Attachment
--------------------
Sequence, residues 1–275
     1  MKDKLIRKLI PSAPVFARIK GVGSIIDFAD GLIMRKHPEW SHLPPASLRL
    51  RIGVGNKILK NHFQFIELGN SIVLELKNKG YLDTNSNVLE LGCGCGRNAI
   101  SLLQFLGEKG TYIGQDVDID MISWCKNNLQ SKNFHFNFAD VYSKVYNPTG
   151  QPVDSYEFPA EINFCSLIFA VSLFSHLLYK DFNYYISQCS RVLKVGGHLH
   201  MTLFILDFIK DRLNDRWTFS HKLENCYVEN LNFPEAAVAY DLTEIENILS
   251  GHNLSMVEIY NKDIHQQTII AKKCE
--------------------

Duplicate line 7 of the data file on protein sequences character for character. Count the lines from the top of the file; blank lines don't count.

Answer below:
   251  GHNLSMVEIY NKDIHQQTII AKKCE